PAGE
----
Making bikes count

Better bike data helps advocates and jurisdictions increase safety, improve bicycle routes and make the case that traveling by bike is an important way to get around whether for transportation or recreation. Cascade is leading the charge around collecting and using ridership data to make bicycling better in communities across Washington, from short-term manual bike counts to building a comprehensive network of permanent bike counters throughout the state that monitor bicycle numbers 24 hours a day, 365 days a year. 

Help advance this effort by volunteering for the Washington Bicycle and Pedestrian Documentation project or use data from permanent counters being installed across the state to better advocate for people riding bikes in your community.

Annual Pedestrian and Bicyclist Count 2020

After a break in 2019, the annual short-duration count of people using active transportation will resume this fall on Tuesday October 20, Wednesday October 21, and Thursday October 22! Working with WSDOT, Cascade Bicycle Club is recruiting and training volunteers and getting data into the system.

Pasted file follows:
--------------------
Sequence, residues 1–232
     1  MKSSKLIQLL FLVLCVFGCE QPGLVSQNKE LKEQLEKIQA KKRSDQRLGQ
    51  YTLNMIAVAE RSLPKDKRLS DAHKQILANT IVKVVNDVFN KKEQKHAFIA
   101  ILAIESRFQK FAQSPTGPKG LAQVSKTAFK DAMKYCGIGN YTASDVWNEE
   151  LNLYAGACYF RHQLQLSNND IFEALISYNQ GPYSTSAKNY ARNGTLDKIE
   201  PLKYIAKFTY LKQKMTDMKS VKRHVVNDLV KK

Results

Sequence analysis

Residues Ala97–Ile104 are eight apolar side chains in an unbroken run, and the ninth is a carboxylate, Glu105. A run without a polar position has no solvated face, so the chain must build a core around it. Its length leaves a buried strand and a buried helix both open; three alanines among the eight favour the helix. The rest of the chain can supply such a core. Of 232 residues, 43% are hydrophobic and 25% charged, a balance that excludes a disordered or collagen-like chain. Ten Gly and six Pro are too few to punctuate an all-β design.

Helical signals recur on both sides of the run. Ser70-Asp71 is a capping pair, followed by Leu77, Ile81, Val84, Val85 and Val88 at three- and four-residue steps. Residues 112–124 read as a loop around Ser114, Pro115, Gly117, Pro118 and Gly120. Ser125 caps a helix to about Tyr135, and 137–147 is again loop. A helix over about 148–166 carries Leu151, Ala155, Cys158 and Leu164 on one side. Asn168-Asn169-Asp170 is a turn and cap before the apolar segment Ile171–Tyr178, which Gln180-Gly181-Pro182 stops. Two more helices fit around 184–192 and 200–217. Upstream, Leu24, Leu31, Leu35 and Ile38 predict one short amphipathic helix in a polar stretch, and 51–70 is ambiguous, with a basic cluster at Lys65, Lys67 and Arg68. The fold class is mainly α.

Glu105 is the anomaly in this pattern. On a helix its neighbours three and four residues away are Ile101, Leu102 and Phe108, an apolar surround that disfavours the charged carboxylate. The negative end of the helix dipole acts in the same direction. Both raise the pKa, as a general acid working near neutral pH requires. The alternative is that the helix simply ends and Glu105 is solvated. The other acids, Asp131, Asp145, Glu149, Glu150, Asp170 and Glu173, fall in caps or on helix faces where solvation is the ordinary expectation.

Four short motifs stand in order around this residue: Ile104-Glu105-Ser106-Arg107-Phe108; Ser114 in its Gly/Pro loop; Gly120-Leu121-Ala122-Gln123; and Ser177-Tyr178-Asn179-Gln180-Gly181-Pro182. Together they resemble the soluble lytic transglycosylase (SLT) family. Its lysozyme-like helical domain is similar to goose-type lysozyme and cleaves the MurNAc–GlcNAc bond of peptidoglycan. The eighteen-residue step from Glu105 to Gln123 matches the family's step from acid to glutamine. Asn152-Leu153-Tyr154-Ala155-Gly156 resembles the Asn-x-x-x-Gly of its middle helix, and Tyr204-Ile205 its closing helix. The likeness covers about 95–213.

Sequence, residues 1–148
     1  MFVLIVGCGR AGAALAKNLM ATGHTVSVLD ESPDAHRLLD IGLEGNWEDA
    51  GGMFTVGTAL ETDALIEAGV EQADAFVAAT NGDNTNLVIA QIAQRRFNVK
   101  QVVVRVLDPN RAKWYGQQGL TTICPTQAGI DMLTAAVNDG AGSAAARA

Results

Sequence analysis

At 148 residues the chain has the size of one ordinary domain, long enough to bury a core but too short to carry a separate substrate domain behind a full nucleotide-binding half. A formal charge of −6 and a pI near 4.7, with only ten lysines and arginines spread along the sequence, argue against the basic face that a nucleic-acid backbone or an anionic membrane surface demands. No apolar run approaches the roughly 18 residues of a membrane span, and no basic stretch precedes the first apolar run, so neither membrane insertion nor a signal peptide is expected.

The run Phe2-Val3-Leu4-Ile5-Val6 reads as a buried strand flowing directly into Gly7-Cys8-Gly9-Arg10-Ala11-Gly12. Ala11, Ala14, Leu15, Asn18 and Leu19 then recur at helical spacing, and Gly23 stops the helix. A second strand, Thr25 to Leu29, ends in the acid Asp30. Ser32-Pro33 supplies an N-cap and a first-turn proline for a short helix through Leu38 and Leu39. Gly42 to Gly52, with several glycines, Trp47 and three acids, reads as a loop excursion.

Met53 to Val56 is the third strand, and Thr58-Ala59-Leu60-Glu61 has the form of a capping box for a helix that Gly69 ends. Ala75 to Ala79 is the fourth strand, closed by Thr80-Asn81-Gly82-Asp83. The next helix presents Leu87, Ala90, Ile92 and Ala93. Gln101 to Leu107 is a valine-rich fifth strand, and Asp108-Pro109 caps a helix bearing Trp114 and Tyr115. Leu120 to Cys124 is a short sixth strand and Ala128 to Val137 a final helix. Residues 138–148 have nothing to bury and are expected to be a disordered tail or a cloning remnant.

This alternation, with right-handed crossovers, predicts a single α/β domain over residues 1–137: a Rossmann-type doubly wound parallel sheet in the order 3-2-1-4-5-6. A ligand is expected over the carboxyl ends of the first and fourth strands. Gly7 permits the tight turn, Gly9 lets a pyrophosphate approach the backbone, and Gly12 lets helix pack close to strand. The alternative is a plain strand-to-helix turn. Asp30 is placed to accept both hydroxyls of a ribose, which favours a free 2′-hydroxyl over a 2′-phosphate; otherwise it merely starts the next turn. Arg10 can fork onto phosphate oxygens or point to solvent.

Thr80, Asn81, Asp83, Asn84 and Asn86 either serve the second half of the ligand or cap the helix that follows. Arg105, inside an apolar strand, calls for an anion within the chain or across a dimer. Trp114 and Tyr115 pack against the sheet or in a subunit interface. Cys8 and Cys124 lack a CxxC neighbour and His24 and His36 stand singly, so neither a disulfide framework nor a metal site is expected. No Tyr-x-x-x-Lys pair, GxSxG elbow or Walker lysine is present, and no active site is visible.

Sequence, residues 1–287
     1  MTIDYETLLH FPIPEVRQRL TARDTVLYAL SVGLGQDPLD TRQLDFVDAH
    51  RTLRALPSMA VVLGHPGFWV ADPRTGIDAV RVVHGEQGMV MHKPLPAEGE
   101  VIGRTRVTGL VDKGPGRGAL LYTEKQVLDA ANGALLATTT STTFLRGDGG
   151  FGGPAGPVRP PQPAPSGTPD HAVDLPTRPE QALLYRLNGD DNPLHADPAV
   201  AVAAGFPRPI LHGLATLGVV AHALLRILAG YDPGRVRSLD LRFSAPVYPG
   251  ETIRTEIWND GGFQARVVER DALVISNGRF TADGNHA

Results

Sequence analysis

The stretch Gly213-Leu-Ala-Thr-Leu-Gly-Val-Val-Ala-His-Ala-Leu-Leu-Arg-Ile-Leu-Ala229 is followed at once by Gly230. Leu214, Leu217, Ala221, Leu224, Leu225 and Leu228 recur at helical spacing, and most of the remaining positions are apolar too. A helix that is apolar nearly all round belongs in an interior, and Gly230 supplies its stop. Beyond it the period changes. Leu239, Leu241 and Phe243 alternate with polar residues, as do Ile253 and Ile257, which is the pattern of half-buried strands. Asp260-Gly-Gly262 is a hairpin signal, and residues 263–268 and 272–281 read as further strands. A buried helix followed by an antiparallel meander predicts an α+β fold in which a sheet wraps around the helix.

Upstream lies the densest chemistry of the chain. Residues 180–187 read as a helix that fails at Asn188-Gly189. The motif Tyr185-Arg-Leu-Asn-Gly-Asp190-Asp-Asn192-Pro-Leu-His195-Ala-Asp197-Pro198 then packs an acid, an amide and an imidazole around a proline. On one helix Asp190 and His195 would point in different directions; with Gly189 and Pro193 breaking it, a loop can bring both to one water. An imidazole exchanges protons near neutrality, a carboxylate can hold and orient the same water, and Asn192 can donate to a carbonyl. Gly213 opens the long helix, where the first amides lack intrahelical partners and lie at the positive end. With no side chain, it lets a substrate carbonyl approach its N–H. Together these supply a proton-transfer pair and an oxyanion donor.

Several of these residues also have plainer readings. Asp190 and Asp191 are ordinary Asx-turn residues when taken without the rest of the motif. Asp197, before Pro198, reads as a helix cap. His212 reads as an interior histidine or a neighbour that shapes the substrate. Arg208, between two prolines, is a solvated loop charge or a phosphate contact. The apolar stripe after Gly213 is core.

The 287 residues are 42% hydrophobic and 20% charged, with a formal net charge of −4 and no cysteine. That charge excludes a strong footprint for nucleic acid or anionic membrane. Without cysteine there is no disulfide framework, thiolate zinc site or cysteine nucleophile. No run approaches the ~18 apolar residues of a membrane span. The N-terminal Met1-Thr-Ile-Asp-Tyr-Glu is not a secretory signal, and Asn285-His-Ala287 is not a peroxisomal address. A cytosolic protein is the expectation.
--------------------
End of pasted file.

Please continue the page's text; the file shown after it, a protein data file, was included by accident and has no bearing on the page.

Join us on October 20, 21, or 22 across Washington state as we make bikes count! If you're interested in volunteering, send an email to info@cascade.org with a subject line that includes "WSDOT Count." The volunteer shifts are from 7 to 9 a.m. and from 4 to 6 p.m. on any of the three count days. For more information on the count, including what the data is used for, visit the Washington Bicycle and Pedestrian Documentation project.

In 2018, there were 406 volunteers across 431 sites in forty-six cities throughout Washington state. This annual count is part of the Washington State Bike and Pedestrian Documentation Project, which generates important data about the numbers of people bicycling and walking on trails, bike lanes, sidewalks, and other facilities across the state. This matters because the data is then used to track changes, design projects, and to measure the demand and benefits of investing in active transportation. To learn more, visit WSDOT. To see where the data goes, visit the data portal.

Help advance this effort by volunteering for the Washington Bicycle and Pedestrian Documentation project by emailing info@cascade.org with a subject line that includes "WSDOT Count."

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